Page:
03 November 2016 #Dispute Resolution
Many documents produced in commercial dealings are marked "without prejudice", often appropriately but sometimes not. When used correctly, these words mean that the document cannot be used in legal proceedings against the party who produced the document, nor indeed can that party use the document themselves.
This can be frustrating as people often make comments and disclose information on a without prejudice basis which would be very useful in a legal claim. That is, of course, the whole point of the protection given to without prejudice communications. The law encourages parties to resolve their disputes through settlement discussions rather than incurring time and expense and, significantly, taking up valuable Court time by going to trial. Settlements are more likely to be achieved where parties are given a safe-haven in which to discuss their disputes without fearing that statements or admissions they make will be used against them in future or ongoing legal proceedings. This is sometimes where mistakes are made as simply heading a document "without prejudice" will not automatically protect that document against being used in legal proceedings. Crucially, the content of the document must qualify for "without prejudice" protection. That means that the document must be produced for, the purpose of, settling a dispute.
“Simply heading a document "without prejudice" will not automatically protect that document against being used in legal proceedings.”
Merely using the words "without prejudice" in a document setting out your claim or criticising your opponent's behaviour will generally not work. There must be something positive in the document which is intended to lead to the settlement of an existing dispute for the words to work. In fact, failing to mark a document "without prejudice" is not fatal if the substance of the communication makes it clear that the party is trying to achieve a settlement of a dispute. Of course, it is always better to use the correct words as that reduces the risk you will need to prove that the document should be given without prejudice protection in later Court proceedings.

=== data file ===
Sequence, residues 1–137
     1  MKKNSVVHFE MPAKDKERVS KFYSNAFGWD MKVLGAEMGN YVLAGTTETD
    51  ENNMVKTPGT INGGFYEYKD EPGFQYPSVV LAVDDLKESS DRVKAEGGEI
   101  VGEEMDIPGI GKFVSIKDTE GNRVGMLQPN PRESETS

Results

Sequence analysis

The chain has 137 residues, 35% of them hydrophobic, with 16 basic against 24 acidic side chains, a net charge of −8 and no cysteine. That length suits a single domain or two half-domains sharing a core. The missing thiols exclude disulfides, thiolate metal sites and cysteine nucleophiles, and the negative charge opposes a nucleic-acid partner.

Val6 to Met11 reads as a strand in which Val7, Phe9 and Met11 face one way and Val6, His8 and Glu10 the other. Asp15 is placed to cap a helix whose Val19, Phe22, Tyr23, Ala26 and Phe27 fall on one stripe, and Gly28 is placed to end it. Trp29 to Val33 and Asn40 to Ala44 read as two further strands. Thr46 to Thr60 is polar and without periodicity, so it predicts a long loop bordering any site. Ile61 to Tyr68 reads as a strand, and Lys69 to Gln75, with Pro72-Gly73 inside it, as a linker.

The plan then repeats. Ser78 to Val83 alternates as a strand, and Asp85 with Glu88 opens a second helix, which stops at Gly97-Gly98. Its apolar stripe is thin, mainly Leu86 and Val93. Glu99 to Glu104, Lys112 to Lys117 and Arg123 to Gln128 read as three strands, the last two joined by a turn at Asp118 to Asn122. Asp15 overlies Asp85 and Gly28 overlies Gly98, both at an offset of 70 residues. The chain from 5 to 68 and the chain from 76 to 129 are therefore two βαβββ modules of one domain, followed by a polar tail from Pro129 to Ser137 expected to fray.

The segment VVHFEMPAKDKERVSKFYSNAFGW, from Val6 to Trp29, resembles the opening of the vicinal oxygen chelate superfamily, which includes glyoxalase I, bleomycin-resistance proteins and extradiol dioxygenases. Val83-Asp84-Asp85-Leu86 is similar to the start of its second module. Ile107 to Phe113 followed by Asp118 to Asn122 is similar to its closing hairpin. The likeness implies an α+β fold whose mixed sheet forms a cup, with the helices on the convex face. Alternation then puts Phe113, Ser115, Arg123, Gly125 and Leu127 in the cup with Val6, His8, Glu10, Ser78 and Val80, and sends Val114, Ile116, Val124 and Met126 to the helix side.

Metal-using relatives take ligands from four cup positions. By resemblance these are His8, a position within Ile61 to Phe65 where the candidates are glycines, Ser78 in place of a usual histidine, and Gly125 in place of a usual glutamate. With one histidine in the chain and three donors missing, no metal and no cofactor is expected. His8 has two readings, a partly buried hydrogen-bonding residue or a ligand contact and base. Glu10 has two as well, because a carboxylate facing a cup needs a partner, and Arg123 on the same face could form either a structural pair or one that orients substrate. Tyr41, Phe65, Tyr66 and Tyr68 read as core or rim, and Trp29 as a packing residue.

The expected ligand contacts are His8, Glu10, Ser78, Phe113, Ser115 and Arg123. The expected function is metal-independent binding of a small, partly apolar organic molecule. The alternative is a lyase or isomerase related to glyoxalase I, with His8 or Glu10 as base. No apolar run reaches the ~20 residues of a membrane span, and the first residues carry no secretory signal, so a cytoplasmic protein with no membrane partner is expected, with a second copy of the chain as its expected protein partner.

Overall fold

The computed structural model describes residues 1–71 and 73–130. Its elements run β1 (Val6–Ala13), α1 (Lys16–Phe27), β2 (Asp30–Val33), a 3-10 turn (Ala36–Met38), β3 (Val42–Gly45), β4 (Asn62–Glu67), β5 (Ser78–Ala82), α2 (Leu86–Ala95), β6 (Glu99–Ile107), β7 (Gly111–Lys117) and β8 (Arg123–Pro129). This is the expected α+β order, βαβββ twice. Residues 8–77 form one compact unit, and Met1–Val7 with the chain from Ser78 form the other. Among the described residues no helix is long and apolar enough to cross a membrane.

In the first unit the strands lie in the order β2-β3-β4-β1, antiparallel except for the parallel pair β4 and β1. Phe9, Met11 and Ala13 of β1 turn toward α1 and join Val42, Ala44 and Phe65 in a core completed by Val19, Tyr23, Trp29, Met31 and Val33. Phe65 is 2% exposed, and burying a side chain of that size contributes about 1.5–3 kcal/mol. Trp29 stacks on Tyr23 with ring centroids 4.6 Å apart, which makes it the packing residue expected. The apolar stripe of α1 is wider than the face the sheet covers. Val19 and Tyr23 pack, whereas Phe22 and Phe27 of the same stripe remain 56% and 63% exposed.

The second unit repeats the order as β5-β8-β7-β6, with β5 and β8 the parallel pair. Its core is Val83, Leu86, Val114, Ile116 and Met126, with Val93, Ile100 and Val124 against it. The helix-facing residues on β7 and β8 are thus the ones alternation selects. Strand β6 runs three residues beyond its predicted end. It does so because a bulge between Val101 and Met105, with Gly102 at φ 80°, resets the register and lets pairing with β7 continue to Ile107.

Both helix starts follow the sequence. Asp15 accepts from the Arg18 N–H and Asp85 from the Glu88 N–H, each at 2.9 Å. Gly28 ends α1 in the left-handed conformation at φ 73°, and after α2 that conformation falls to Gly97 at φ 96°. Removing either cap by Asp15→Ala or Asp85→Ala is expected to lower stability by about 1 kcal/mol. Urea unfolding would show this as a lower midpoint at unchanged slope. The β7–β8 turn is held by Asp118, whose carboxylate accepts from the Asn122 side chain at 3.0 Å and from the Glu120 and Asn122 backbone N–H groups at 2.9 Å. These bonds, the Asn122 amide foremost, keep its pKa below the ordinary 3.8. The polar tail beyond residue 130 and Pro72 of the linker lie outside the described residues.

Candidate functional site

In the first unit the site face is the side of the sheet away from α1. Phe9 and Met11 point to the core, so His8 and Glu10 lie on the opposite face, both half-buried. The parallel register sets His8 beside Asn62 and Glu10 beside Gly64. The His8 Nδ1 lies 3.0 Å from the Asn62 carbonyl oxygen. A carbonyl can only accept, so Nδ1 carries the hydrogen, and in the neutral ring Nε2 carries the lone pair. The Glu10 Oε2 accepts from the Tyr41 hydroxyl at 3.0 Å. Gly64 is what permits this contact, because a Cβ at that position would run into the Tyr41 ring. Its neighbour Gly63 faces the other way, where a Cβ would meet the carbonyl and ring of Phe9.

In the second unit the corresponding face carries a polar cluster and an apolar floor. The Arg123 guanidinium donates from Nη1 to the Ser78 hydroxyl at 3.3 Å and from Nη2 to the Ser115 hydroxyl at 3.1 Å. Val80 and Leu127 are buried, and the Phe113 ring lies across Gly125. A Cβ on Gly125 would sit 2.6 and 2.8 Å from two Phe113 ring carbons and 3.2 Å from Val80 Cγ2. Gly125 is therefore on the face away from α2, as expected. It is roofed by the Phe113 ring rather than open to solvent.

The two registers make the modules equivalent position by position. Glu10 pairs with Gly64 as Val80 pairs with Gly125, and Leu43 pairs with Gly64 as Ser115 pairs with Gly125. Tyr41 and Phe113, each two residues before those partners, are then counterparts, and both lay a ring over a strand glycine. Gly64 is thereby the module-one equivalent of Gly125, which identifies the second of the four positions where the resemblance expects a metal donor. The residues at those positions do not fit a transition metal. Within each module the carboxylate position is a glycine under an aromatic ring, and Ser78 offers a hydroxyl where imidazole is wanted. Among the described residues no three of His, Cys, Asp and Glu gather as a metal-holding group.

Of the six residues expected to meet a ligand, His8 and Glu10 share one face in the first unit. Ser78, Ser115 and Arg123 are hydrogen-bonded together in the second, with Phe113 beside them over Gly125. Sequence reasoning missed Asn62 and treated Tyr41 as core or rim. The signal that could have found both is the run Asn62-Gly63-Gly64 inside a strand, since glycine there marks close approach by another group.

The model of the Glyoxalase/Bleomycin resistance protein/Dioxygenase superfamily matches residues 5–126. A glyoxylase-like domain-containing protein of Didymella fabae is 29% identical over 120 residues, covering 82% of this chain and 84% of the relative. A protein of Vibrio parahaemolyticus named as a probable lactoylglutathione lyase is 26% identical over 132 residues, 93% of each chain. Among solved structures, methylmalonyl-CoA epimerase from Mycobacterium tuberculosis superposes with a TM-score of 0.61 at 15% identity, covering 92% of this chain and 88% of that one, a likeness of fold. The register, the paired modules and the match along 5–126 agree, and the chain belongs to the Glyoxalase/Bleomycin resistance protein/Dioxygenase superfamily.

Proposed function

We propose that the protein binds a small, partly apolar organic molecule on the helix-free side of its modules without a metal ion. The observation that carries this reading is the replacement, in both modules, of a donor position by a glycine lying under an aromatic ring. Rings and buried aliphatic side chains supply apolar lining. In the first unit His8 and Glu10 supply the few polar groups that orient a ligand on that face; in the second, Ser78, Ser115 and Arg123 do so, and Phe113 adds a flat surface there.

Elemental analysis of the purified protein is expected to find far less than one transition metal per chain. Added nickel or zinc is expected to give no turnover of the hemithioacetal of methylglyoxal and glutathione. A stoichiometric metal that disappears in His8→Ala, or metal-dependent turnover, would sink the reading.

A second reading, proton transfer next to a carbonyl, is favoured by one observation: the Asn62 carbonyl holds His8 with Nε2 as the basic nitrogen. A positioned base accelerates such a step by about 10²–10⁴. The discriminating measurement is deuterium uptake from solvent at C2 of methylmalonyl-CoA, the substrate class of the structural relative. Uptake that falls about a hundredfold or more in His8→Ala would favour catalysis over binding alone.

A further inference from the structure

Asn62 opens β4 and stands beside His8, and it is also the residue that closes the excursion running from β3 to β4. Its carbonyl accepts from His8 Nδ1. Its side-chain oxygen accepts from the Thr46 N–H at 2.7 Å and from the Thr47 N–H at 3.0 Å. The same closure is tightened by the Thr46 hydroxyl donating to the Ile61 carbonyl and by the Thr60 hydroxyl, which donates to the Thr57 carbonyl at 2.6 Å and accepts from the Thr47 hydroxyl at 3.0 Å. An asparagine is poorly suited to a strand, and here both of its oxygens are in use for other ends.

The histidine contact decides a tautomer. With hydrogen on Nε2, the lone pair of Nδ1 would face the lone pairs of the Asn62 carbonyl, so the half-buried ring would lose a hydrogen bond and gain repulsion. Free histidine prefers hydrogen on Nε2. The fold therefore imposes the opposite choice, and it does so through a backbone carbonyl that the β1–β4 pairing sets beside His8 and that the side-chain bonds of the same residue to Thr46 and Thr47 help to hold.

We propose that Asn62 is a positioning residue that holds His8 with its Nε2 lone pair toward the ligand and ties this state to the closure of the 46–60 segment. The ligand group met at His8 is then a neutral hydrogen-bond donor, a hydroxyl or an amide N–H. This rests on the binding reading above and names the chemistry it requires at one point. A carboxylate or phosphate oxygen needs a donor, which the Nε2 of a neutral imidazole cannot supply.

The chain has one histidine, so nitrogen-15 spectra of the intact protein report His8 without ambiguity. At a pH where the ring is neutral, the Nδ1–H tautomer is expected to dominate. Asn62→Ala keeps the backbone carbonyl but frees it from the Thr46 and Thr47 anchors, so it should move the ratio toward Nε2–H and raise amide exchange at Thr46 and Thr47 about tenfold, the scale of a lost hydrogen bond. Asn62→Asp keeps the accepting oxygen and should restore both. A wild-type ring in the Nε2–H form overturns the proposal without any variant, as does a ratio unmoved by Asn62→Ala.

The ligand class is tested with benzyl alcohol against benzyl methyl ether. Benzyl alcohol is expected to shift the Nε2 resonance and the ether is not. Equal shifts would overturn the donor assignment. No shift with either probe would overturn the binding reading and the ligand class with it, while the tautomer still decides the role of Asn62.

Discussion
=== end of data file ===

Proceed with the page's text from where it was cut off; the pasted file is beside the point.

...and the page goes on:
It is because the information in without prejudice communications is often very valuable we regularly see Court challenges to the scope of the rule. Generally, the Court is very protective of without prejudice communications, although there are some well-established exceptions which are mentioned below.
“Merely using the words "without prejudice" in a document setting out your claim or criticising your opponent's behaviour will generally not work”
Two recent challenges to without prejudice communications have both failed. In R (on the application of Wildhur) v Ministry of Defence  EWCH 821, an individual suing the Ministry of Defence (MOD) wanted to criticise the MOD for failing to participate in a mediation with them. This was potentially very valuable information as refusing to attend a mediation, which is a type of structured settlement meeting, is something the Court takes a very dim view of. In this case, however, all the communications about the mediation were on a without prejudice basis. The Court ruled that this information about the MOD was inadmissible in the proceedings due to the without prejudice rule even though the information involved was a failure to respond to a without prejudice offer of mediation, rather than a specific document created by the MOD.
In the other case, Ravenscroft v Canal & River Trust  EWHC 2282, the Claimant, Mr Ravenscroft, wanted to appoint a “McKenzie Friend” to assist him with his case. A McKenzie Friend is usually an individual without legal qualifications who a party involved in legal proceedings can appoint, with the permission of the Court, to help with the case without incurring professional costs of a qualified legal adviser. The Defendant, the Canal and River Trust, objected to Mr Ravenscroft’s choice of McKenzie Friend, Mr Nigel Moore, because he was known already to them as someone with an agenda against them. Significantly, this was an interim hearing about the appointment of the McKenzie Friend not a full trial of Mr Ravenscroft’s claim. The Canal and River Trust argued that this factor meant they should be able to rely upon information about the proposed McKenzie Friend which they only knew from without prejudice communications. The Court rejected this argument, ruling that the protection given to without prejudice communications applies equally to trials and interim hearings.
As mentioned above, although the Court is generally very protective of without prejudice documents, they have developed a number of well-established exceptions where such documents can be used in legal proceedings.
For advice on effective strategies for resolving your disputes, please contact Clarkslegal’s dispute resolution team.